Design thinking should be at the base of every plan elaboration, strategy development, and change in an organization in order to create a culture that is focused on solving problems through bringing new ideas. This incremental way of thought can be used for anything ‑ services, products, processes ‑ whatever has to be improved. The value of design thinking lies within its key concept – customer-based and related strategies. When the client is satisfied with the job done, the business flourishes reaching previously unseen heights.

There are countless examples of big successful institutions that use design thinking on a regular basis, e.g. Apple and Google. This concept, however, works with any organization – big or small. At first, it may seem hard to execute the concept at an already established firm, but the benefits of becoming “insanely great” outweigh the process of going through all the troughs.

For businesses to achieve this goal, they have to comply with a set of specific rules:

  • Center on the customer – functional groups usually create self-centered ideas, but this is not the right choice, because the yield comes with consumer appreciation.
  • Identify the problem and form solutions around it – unless the problem is defined correctly, no development can be made.
  • Create many different opportunities for solving an issue – although there may seem to be just “one right way,” there always has to be something more specific, intriguing, and effective.
  • Fine-tune selected directions – never solve a problem with the same solution, create room for group experiments.
  • Pick the winner and execute – allocate all the resources and strategize their use to achieve goals.

Key Theory Reading

Nairobi, Kenya, has developed into a hub for entrepreneurship and technology. However, most of its citizens still confront the challenges of a developing country. Only 61 percent of inhabitants have access to clean water, and 84 percent of pre-school children suffer from the deficit of vitamin A. IDEO has recently launched a prototype organization named SmartLife, which aims at offering clean water, improving hygiene, and providing medicine (Smart Life, 2014).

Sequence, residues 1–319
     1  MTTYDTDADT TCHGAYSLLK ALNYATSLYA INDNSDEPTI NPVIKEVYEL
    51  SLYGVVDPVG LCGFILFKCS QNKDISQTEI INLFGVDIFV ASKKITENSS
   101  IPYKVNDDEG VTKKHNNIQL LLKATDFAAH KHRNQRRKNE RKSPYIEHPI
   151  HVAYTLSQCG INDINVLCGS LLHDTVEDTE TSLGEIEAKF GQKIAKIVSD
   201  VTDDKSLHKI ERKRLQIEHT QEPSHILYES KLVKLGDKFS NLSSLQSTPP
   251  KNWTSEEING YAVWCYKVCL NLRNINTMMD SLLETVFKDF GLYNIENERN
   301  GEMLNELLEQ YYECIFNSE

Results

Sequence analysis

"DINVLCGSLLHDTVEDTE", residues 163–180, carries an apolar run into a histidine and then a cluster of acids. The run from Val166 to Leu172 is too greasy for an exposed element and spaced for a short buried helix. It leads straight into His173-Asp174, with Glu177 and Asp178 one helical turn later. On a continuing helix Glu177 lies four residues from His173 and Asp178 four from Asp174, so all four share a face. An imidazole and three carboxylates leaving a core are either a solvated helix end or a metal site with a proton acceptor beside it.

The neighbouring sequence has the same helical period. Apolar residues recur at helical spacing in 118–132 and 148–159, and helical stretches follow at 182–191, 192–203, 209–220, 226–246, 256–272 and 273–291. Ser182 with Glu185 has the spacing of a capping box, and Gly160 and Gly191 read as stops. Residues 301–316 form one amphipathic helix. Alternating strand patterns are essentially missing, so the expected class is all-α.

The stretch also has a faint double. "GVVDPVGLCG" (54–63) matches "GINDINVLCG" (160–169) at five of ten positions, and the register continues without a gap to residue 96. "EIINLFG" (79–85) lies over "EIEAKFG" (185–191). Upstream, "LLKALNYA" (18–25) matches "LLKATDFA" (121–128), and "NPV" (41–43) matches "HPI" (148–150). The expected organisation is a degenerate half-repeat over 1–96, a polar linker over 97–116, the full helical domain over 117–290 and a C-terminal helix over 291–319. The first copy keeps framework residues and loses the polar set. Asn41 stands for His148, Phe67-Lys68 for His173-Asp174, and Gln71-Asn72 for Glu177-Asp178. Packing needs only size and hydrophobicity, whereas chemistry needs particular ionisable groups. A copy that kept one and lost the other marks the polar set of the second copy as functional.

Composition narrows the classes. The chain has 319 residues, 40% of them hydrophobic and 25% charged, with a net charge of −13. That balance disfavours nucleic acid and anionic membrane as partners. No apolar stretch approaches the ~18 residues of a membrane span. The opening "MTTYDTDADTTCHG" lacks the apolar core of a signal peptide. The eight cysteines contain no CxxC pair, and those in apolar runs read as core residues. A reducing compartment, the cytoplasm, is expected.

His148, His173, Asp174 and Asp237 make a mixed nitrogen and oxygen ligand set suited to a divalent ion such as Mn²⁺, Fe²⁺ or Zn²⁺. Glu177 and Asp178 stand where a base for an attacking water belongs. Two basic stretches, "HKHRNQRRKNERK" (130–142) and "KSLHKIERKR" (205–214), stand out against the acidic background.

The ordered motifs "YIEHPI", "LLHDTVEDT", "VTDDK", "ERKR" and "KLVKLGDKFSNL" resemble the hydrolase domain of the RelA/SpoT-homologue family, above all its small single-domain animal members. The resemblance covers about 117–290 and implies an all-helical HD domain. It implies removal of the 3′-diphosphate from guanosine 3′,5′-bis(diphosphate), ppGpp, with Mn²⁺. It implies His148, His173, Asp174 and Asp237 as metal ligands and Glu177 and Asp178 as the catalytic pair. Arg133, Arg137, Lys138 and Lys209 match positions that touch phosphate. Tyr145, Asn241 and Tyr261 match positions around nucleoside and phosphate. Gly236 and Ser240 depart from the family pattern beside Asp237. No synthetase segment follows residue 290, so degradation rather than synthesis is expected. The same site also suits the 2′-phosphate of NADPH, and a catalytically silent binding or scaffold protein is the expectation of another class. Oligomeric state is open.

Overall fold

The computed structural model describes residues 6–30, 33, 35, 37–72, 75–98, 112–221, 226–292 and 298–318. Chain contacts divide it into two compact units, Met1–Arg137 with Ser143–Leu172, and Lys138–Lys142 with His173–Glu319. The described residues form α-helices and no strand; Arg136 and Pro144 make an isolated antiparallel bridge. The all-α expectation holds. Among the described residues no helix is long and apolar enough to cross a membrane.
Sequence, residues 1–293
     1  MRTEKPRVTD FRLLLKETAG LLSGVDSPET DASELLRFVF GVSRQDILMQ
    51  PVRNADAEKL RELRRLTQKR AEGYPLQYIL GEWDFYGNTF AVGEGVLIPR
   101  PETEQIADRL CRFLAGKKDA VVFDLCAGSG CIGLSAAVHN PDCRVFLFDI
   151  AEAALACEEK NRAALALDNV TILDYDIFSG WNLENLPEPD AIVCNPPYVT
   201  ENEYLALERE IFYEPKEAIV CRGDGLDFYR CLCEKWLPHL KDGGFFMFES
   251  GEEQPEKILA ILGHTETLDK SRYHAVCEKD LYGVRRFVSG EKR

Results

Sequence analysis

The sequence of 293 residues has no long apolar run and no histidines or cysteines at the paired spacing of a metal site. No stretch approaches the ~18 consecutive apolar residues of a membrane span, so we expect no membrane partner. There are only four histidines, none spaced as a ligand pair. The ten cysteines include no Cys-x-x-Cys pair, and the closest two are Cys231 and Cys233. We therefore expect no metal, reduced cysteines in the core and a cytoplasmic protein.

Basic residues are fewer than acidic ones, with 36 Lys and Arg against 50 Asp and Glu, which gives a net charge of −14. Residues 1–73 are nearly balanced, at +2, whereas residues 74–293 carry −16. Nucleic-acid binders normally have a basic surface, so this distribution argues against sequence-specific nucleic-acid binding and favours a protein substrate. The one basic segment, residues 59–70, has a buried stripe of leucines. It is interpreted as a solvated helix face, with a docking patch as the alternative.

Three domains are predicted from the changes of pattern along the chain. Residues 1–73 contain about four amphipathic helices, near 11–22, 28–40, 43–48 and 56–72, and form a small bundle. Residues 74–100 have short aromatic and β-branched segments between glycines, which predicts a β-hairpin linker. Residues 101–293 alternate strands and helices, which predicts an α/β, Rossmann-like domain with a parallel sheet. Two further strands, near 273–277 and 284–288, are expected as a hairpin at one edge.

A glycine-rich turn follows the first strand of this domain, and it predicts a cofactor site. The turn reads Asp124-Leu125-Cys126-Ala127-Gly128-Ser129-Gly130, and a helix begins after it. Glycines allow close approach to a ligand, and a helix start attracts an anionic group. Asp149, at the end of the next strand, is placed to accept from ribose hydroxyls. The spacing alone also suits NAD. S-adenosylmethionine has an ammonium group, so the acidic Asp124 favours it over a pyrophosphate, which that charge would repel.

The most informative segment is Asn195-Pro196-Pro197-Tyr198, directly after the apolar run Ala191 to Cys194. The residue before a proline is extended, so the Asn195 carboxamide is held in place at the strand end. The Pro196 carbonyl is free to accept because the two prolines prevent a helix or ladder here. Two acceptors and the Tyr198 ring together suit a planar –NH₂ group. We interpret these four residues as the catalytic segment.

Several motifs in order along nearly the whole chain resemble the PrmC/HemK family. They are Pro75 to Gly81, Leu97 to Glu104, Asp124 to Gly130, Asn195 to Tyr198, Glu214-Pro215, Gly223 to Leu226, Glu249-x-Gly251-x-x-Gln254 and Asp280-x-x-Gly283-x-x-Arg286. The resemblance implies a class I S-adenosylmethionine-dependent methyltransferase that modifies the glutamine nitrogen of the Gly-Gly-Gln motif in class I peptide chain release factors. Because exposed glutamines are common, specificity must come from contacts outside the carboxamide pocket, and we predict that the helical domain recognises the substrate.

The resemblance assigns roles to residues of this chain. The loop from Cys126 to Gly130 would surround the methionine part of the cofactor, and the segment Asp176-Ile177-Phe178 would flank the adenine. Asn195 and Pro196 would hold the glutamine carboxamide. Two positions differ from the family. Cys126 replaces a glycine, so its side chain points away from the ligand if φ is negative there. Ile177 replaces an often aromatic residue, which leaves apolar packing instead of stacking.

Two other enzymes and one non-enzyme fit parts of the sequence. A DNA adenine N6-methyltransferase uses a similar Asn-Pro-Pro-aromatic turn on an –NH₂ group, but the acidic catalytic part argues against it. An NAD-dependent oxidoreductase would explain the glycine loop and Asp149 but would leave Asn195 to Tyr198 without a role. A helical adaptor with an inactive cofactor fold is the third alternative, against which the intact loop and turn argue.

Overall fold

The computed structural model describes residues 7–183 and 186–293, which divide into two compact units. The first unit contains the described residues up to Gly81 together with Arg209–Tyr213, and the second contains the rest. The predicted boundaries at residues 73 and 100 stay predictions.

Although the design seems to be effective, it is just not enough to solve the problem. The facilities can indeed provide some people with service, but to have regular customers, they will be forced to maintain prices at almost zero levels, otherwise the poor citizens would go back to the polluted sources. The next negative component of SmartLife is distribution. There is no system to deliver water, and every individual in the country is not going to be able to visit the facility. In fact, they will just not attend it due to the long queues. The strategy, although will still remain unprofitable, will work only due to the creation of additional facilities throughout the city and a centralized transportation system.

Conclusion

The human perception of life changes perennially and so do our strategies and tactics regarding business, social, and personal life management. However, being creative is not an innovative idea. Design thinking has been used effectively throughout centuries in creating innovations without which our modern world would not have been as advanced and flourishing as it is. As seen from the completed research, this concept still remains relevant in the contemporary business society bringing elaboration and restructure to the already existing areas of medicine, transport, managing, charity, business structuring, etc.